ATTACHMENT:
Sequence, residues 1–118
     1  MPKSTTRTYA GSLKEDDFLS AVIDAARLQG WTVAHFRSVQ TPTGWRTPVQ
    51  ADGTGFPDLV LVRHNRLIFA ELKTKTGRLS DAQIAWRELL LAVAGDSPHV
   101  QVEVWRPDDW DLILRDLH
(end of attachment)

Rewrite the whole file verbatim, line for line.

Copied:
Sequence, residues 1–118
     1  MPKSTTRTYA GSLKEDDFLS AVIDAARLQG WTVAHFRSVQ TPTGWRTPVQ
    51  ADGTGFPDLV LVRHNRLIFA ELKTKTGRLS DAQIAWRELL LAVAGDSPHV
   101  QVEVWRPDDW DLILRDLH